For clinics interested in adopting the CCHH practice, multi-year funding will be used to create a glidepath to assist clinics in learning and adopting its principles and practices. We anticipate that during the first year, clinics will learn to recruit and engage clinic leadership including physicians, staff, and board members, identify and outreach to community service agencies with whom to partner, analyze data based on research of population/community health issues and the social determinants that impact them, to form the basis for developing a plan that moves the community to action.

Clinics will have access to the following online resources and tools:

• CCHH Logic Model
• CCHH Principles and Practices
• Healthy Places Toolkit: A Practical Guide to Improving Community Health
• Access to academic and foundation articles relating to community health models and community resource referral platforms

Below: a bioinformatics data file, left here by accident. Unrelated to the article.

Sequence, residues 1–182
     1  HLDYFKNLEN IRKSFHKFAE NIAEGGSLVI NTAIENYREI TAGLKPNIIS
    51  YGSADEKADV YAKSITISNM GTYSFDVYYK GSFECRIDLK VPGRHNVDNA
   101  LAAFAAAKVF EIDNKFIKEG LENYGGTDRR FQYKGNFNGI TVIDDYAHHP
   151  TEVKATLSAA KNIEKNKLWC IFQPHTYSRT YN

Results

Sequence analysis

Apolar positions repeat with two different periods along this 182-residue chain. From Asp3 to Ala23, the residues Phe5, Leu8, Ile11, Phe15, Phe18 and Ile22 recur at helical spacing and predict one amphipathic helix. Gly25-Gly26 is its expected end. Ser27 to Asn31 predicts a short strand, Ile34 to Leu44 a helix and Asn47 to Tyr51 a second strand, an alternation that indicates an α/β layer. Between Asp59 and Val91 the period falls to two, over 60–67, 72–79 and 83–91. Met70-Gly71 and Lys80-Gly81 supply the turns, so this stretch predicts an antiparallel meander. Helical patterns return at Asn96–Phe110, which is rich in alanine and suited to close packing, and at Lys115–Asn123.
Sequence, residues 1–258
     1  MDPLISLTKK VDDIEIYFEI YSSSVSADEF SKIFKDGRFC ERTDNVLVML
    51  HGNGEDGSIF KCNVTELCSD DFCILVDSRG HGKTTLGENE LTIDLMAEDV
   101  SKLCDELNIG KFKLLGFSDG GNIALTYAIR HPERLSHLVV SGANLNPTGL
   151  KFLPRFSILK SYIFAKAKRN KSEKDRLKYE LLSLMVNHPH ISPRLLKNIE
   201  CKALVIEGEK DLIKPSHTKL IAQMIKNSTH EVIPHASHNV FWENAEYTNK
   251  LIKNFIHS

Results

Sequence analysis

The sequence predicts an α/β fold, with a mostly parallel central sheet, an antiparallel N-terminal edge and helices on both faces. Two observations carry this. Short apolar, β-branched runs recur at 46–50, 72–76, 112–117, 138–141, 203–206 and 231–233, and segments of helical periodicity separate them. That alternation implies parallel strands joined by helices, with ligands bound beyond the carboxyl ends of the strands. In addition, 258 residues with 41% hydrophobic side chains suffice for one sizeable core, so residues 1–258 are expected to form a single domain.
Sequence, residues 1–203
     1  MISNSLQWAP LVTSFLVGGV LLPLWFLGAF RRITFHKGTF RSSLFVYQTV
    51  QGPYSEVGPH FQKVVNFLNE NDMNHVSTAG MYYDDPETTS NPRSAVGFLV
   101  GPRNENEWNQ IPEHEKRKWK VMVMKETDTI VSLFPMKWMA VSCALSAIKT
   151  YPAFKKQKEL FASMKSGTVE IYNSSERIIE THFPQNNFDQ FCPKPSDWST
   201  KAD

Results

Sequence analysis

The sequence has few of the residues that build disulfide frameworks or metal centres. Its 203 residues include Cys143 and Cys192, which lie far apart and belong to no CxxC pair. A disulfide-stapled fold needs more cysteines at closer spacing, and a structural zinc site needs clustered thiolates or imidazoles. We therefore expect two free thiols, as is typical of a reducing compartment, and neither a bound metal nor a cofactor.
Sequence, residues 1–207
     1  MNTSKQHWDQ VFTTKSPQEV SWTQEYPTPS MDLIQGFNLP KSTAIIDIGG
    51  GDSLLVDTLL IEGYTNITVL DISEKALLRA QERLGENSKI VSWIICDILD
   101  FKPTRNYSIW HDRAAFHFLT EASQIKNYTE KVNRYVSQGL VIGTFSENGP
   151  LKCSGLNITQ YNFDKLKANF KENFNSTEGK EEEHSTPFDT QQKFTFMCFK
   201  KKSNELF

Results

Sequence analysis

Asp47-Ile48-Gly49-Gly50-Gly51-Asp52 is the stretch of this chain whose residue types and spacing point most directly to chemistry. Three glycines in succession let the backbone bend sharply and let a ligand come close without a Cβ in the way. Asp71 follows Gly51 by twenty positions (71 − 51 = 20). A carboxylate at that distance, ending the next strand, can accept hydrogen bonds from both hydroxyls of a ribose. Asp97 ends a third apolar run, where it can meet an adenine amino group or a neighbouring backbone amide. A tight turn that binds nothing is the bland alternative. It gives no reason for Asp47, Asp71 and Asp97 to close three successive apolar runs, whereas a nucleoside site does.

• Access to community engagement facilitation tools and resources
• Connection with current CCHH participating clinics who can support new clinics with their learning and serve as trusted resource to answer questions”

Clinics interested in adopting the CCHH practice must speak with a Program Officer in advance of submitting a Letter of Inquiry.

EHF will continue to prioritize the Clinics’ Pathway Approach (CPA) that builds clinics’ fundamental capacities for population health work and value-based payment system design (please see CPA Logic Model). Please note, clinics currently participating in the CPA learning cohort do not need to reapply for continued CPA funding. Your Program Officer will reach out to assist with any necessary modifications to your existing application prior to consideration by the EHF board. At this time, we will not be accepting LOIs or applications from additional clinics. If your clinic is not currently in the CPA initiative and you are interested in joining, please contact grants@episcopalhealth.org.